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People - Notable People - Chief Satanta, 1830-1878

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Composite of Satanta and other Native American images

Composite of Satanta and other Native American images
Creator: Soule, William Stinson, 1836-1908
Date: Between 1867 and 1875
This carte-de-visite is a composite of ten Native American images believed to have been made in the late 1860s and early 1870s by William S. Soule. At least some of the images were likely made in Indian Territory; some may have been made in Kansas. The featured photo in the center is of Satanta, the Kiowa chief. Starting at the top, immediately above Satanta, the remaining images are (moving clockwise): Arapaho camp; two Arapaho girls; Kiowa or Kiowa-Apache man named Asa Tongat; unidentified camp scene; Cheyenne woman; Cheyenne man; unidentified camp scene; Cheyenne or Arapaho woman; and, two unidentified young women. Two of the photos are an exact match of a known Soule image (Satanta and Arapaho camp). Two others have the same subjects as known Soule images, but depict them in a different pose (two Arapaho girls and the Cheyenne or Arapaho woman). Will Soule is well-known for the photographs he made of Southern Plains Indians in the late 1860s and early 1870s. He arrived at Fort Dodge in 1867, moved briefly to Camp Supply a couple of years later, then relocated to Fort Sill, where he remained until returning to Boston in late 1874 or early 1875. The carte-de-visite is one of at least fifty collected by Charles L. Wilson in the 1870s. Born in West Virginia, Wilson lived in Kansas most of his life, residing in St. George, Manhattan, Miltonvale and Topeka. Little is known about how and why he acquired the cartes-de-visite. Notations on many of them suggest they were procured in Indian Territory; some notations also indicate that Wilson was a member of Company L of the Kansas Eleventh Cavalry. Because that regiment disbanded several years before the images were made, his military service was probably unrelated to acquisition of the photos. The Wilson collection is characterized by the unique style in which each carte-de-visite is mounted. The mounts obscure whatever photographer's imprint may exist on the original cards. More than one photographer is represented in the collection; however, many of the images can either definitely be attributed to Will Soule or are deemed likely to be his work. Three of the photographs in the composite are also included in the Wilson collection as individual cartes-de-visite--Asa Tongat (Item 227905), the Cheyenne man (Item 303271), and the Cheyenne woman (Item 303272).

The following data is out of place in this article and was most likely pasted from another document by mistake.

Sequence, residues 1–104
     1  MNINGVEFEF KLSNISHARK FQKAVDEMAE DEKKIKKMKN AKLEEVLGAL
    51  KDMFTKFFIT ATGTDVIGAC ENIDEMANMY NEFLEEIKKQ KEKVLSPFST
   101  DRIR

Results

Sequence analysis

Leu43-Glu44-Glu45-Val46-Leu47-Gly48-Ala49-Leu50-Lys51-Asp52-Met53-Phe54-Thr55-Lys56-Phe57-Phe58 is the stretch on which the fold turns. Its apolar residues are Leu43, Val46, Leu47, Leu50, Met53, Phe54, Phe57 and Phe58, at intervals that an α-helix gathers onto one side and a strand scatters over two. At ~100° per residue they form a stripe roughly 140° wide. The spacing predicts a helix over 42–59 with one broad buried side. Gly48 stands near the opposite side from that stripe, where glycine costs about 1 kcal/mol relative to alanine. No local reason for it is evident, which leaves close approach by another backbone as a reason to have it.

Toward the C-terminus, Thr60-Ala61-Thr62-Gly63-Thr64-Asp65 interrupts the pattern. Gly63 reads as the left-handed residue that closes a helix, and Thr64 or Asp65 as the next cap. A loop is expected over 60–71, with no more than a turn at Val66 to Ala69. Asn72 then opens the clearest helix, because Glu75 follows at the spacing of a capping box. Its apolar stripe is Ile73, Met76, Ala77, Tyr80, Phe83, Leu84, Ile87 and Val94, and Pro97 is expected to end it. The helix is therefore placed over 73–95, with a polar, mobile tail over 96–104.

History of the 19th Kansas Cavalry--Indian War of 1868-69

History of the 19th Kansas Cavalry--Indian War of 1868-69
Creator: Jenness, George B.
Date: 1869
This history of the 19th Kansas, written by the commander of Company F, George B. Jenness, is mainly composed of extracts from his diary. It includes details about where each company was raised, the names of the officers, organization and implementation of orders, the rigors of army life, and troop movements. Jenness' history also includes information about Samuel J. Crawford, the governor of Kansas, who resigned his position to assume command of the regiment on November 5, 1868. The document contains a copy of a letter from General Philip H. Sheridan to Governor Crawford about the need for calling up troops. Information on Native Americans, including interactions between troops and Native Americans, is also contained within this item. Jenness mentions captive chief including Satanta.


Kiowa Chief Satanta

Kiowa Chief Satanta
Date: Between 1860 and 1870
Satanta chief and warrior of the Kiowa Indian Tribe. Considered a eloquent speaker with government officials, he earned the title "Orator of the Plains". He was one of the signers of the Medicine Lodge Treaty of 1867 agreeing to settlement on reservation lands for the Kiowa.


Satanta, Kiowa Chief

Satanta, Kiowa Chief
Creator: Lange Studio
Date: Between 1865 and 1878
This portrait of Satanta, a Kiowa chief who was present at the signing of the Medicine Lodge Treaty in 1867. Satanta agreed to move his people onto a reservation, but he would later be imprisoned at Fort Sill, Oklahoma, for leading raids on wagon trains. He died in 1878.